RI76 Stratigraphy, Correlation, and Depositional Environments of the Middle to Late Pleistocene Interglacial Deposits of Southern Delaware
Rising and highstands of sea level during the middle to late Pleistocene deposited swamp to nearshore sediments along the margins of an ancestral Delaware Bay, Atlantic coastline, and tributaries to an ancestral Chesapeake Bay. These deposits are divided into three lithostratigraphic groups: the Delaware Bay Group, the Assawoman Bay Group (named herein), and the Nanticoke River Group (named herein). The Delaware Bay Group, mapped along the margins of Delaware Bay, is subdivided into the Lynch Heights Formation and the Scotts Corners Formation. The Assawoman Bay Group, recognized inland of Delaware’s Atlantic Coast, is subdivided into the Omar Formation, the Ironshire Formation, and the Sinepuxent Formation. The Nanticoke River Group, found along the margins of the Nanticoke River and its tributaries, is subdivided into the Turtle Branch Formation (named herein) and the Kent Island Formation.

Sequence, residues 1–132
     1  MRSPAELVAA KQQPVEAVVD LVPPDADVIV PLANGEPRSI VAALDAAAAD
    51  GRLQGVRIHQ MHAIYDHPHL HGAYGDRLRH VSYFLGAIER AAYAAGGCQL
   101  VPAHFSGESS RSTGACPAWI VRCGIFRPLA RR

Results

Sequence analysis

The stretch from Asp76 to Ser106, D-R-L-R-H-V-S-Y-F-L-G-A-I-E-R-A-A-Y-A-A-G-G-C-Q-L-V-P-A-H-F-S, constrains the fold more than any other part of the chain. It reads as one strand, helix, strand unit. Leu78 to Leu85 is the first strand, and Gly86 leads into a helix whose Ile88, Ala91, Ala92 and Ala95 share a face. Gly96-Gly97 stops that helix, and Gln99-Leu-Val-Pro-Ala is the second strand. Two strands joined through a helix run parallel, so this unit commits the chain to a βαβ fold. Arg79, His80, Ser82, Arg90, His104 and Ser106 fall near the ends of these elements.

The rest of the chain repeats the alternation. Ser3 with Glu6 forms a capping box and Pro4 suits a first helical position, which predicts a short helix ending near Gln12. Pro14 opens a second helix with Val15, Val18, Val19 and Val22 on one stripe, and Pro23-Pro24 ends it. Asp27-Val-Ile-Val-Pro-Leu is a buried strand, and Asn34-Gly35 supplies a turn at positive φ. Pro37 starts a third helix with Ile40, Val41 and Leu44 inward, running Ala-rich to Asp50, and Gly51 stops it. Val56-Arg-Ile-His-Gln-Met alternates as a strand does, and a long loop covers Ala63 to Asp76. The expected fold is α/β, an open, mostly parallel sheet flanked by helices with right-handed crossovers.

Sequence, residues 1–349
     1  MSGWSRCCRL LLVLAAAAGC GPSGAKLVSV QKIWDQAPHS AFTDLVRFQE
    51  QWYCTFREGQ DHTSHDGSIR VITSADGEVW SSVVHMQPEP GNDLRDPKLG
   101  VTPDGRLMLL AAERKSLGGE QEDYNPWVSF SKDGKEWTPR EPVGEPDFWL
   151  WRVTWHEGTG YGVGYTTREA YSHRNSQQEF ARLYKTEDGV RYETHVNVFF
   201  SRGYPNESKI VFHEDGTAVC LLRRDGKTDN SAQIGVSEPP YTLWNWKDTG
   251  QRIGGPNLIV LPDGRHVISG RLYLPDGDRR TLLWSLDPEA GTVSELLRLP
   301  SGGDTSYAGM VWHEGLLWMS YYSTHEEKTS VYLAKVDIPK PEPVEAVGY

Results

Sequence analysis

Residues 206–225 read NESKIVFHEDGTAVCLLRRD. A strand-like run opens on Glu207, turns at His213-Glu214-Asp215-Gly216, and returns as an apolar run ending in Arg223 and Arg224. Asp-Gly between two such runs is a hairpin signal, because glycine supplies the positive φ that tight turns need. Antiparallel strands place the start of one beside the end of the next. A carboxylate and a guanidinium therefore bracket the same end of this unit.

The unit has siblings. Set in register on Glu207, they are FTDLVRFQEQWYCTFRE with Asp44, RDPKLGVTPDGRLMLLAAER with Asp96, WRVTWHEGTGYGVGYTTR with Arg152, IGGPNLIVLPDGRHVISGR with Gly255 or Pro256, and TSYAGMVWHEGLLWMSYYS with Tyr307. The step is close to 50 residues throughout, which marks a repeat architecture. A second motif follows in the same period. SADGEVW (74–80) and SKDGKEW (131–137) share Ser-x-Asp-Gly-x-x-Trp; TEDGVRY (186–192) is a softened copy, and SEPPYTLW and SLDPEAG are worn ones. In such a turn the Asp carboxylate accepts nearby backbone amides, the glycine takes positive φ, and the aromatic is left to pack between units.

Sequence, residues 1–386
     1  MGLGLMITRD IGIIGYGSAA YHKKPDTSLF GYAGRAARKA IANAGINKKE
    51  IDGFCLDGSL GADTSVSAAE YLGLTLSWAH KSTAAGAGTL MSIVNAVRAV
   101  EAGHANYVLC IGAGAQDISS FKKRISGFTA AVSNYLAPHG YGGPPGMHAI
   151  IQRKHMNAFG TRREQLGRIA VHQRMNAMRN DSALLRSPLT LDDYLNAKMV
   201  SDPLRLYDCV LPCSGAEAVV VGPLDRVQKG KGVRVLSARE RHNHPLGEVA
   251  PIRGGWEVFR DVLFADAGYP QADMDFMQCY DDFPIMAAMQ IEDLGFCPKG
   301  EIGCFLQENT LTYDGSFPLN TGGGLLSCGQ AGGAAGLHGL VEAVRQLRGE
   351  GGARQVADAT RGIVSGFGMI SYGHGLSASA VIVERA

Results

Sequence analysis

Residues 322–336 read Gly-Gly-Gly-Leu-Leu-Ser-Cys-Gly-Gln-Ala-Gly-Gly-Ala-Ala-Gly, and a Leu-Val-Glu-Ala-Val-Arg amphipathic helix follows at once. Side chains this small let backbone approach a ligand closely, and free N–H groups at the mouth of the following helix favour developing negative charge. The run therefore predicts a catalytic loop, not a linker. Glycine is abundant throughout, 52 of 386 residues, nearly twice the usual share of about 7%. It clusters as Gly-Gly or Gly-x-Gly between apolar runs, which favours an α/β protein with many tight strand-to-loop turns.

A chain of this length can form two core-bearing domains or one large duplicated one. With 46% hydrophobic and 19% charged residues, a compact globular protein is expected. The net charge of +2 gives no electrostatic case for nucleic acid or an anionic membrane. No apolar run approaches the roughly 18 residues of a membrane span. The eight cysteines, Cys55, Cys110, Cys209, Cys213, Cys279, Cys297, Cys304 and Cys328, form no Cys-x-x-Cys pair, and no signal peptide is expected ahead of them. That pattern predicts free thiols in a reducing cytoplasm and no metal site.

Delaware Bay Group deposits consist of bay-margin coarse sand and gravel that fine upward to silt and silty sand. Beds of organic-rich mud were deposited in tidal marshes. Near the present Atlantic Coast, the Delaware Bay Group includes organic-rich muds and shelly muds deposited in lagoonal environments.
Assawoman Bay Group deposits range from very fine, silty sands to silty clays with shells deposited in back-barrier lagoons, to fine to coarse, well-sorted sands deposited in barriers and spits.